I’m a bit nauseous. To put it mildly, the thought of a paper cut makes me feel like I’m going to puke, let alone the thought of watching (and smelling) people be cremated. Now, I realize in Hindu culture death is viewed somewhat differently than in other cultures. Nonetheless I figured I’d be squeamish about the whole thing. To my surprise, I wasn’t. Instead it gave me a new perspective on death. In fact, Seeing this was one of my favorite part of Kathmandu visit, despite my initial hesitations. Would have loved to wait for the evening aarti of fuming diyas but then…..
One Mile at a time- The evening finally ended in Thamel-the heart of City- Thamel road, a busy tourist street lined with shops selling beautiful bright fabrics, Tibetan singing bowls, incense, bootleg hiking gear, Kukri swords, and other souvenirs. The street is always found buzzing with people and mopeds weaving, honking and driving on the opposite side of the road. It’s very difficult to drown out the incessant honking (it literally never stops).
Thamel is a bi-directional locality with extremes possible. One end has traditional Himalayan spas and roof top open café. I prefer to be numb on the other (Though you can ping me for information sharing if your curiosity ignites like it always dwells within me.) Eating can take many forms in Thamel – to start with Nepali cuisine, you are in Nepal after all. Head to Veg Momo Restaurant for an incredible Daal Bhat tarkari and a selection of momos which include paneer, mushroom and chicken varieties. If you’re keen to try Tibetan, you can’t go wrong with Yangling, who now have two branches in Thamel. They do a delicious bowl of Thenduk (Tibetan thick pasta) soup and all for very reasonable prices. If you fancy something a little more fiery, Western Tandoori, perhaps one of Thamel’s best hidden gems dishes up cheap as chips Indian dishes with fresh from the tandoor (naan bread). If you’ve just come from travelling in Delhi’s Chandni Chowk, this place will bring back many memories of a classic Indian backstreet treat.
Further down Thamel is Swambhunath Stupa more commonly just called Monkey Temple mesmerized by the sounds, smells and colors of the city. The Stupa sits on a hill high above the Kathmandu Valley. You have to climb 365 steps to reach the stupa, but the views from the top and the stupa itself is more than worth the effort. The monument is white with a tiered golden top and the all-knowing eyes of the Buddha painted into it, looking out over the Kathmandu Valley. Actually, aside from the bright colored fabrics and dresses displayed in store fronts, the rest of the city is covered by dust and smog.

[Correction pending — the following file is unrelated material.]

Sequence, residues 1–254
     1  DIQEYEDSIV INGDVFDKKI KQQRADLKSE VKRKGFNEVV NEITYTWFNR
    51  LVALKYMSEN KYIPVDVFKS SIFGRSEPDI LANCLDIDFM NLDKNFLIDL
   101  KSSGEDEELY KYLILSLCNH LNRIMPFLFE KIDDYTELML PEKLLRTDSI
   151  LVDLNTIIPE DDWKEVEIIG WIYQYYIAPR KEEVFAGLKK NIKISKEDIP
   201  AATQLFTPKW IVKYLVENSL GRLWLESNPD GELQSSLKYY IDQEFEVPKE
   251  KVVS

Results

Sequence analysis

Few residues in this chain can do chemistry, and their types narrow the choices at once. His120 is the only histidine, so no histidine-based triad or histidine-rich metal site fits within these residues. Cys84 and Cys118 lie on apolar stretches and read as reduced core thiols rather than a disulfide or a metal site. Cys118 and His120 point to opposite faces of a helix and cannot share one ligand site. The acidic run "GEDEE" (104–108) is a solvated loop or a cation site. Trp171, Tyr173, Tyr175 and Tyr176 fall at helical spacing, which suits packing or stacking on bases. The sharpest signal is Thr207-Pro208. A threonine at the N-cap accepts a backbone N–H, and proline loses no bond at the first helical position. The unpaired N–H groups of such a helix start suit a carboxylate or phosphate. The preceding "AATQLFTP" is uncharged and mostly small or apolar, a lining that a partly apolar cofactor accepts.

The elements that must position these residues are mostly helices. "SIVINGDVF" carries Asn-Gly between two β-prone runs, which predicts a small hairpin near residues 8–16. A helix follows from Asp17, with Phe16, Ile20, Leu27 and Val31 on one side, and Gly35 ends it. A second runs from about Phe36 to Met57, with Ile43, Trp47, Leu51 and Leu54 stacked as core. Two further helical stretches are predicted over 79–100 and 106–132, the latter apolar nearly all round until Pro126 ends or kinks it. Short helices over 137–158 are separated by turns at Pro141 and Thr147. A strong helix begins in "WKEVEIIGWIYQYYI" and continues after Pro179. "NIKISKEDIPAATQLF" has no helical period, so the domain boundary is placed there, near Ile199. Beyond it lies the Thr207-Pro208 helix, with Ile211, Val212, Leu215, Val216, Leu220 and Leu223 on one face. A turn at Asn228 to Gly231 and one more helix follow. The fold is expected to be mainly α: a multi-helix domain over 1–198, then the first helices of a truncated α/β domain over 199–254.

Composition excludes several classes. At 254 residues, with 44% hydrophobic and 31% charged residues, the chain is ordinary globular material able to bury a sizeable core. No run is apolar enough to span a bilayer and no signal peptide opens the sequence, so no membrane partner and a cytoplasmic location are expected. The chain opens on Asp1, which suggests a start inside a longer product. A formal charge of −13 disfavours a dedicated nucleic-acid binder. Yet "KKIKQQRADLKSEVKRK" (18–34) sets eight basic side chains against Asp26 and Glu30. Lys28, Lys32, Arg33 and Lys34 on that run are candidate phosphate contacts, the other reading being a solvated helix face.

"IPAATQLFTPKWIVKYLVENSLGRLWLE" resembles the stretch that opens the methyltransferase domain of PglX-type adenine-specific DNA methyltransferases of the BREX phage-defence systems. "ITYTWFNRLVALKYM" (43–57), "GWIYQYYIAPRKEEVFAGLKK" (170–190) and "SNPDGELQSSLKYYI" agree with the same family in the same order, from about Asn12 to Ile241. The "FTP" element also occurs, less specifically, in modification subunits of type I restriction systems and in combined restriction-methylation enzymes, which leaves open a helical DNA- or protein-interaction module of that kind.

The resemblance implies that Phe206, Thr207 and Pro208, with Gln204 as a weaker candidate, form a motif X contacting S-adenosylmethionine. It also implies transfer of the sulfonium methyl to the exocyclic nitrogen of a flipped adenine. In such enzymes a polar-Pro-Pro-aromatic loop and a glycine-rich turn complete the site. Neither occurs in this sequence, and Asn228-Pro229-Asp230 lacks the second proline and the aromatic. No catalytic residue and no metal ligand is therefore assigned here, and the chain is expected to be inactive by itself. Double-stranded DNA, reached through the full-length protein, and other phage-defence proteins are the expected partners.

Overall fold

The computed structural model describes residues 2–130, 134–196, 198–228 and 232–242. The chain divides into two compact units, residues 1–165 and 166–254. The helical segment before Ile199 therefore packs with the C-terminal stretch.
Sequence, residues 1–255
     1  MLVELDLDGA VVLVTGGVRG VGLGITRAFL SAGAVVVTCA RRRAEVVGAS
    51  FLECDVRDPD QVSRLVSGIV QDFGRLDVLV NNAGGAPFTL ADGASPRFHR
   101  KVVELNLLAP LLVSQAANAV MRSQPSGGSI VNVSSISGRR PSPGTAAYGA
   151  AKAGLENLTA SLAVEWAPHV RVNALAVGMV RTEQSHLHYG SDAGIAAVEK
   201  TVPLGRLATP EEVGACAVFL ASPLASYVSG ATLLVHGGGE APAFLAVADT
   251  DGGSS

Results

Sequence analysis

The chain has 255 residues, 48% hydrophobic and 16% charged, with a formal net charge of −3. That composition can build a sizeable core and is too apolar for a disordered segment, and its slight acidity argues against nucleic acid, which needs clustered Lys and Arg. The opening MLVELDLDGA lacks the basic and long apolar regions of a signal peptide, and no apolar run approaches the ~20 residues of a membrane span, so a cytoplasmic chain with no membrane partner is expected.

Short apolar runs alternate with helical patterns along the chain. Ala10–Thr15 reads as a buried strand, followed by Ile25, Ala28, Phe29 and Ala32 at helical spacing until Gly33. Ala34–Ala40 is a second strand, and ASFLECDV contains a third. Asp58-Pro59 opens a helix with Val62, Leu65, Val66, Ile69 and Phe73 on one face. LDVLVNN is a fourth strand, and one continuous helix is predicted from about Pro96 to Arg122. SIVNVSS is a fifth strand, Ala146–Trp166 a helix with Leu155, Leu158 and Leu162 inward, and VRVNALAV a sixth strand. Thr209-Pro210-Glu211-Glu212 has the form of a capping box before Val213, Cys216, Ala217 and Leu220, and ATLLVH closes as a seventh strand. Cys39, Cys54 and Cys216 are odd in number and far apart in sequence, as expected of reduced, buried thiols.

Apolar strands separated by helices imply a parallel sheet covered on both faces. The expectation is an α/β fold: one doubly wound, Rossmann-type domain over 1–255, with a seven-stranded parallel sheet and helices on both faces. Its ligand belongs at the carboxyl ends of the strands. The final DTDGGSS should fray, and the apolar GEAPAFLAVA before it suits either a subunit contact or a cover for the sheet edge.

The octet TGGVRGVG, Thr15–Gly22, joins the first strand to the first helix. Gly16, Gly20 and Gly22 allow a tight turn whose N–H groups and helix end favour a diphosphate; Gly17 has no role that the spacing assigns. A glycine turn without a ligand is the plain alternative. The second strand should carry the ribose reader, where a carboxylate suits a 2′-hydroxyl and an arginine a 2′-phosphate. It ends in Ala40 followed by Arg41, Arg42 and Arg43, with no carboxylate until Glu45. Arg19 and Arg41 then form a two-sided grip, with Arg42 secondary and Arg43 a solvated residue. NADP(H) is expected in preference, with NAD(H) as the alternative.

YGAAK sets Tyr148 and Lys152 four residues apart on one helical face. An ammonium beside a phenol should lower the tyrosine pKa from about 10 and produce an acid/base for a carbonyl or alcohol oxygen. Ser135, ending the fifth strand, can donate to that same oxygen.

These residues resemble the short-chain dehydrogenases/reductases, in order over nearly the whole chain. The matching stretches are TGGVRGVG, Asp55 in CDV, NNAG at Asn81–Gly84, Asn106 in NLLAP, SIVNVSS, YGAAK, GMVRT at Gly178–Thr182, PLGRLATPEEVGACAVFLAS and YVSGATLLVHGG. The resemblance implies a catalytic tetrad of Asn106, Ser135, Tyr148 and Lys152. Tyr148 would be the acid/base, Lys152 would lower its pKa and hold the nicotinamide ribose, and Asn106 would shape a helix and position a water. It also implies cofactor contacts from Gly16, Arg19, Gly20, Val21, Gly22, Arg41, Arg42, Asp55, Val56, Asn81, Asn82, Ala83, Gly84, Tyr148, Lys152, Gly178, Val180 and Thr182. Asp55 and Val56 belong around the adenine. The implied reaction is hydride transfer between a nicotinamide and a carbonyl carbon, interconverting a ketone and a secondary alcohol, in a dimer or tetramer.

An experience of lifetime- The Everest flight- Next day involved work. A lot of office work. But I was not convinced. You are in Nepal, you love to go on trek. You love mountains. And still the Everest was not a part of your Instagram Posts. A trek to Everest was not the part of thought process. But in a night googling I learned about the Everest Flight. O’pet for trekking, I may not have scaled the giant and magnificent Mount Everest but I have been in the “Everest Experience” flight, which takes about one hour encountering the tallest mountains of the world, exploring the snow caved Everest amidst cloud porn to its nearest proximity along with more than four 8000m mountains. The closest anyone can get through (not by foot) bare eyes. Visual of a lifetime indeed. Extra-ordinary and outstanding. But how can extra ordinary be synonymous with outstanding? It seemed like a contradiction. Then I looked it up and realized the extra does not mean “super” ordinary, but rather “out of” or “beyond”.
A 120 USD tour package which involves hotel pick up at morning 5AM, 1 Hour flight post which you can see your nose punched on the window glass and a drop back to your hotel room by 9:00 AM so that you can leave for your work by 10:00AM. 10/10 for my dedicated planning skill. And an investment worth for its return.
Next morning was the time to ‘Bid Adieu’ to the memorable 2 days spent. Fortunate are those who have a kick start and a concrete end. The perk of boarding an early morning flight was inundated. If you are blessed and your pilot enthralling, you can once again experience the first sunlight kissing the snow flaked mountains and your pilot making every range count through his running commentary.
There is a quote from Hilary Cooper- “Life is not measured by the number of breaths we take, but by the moments that take our breath away. “
These moments can be counted, few would be definitely from the memories I take back from here.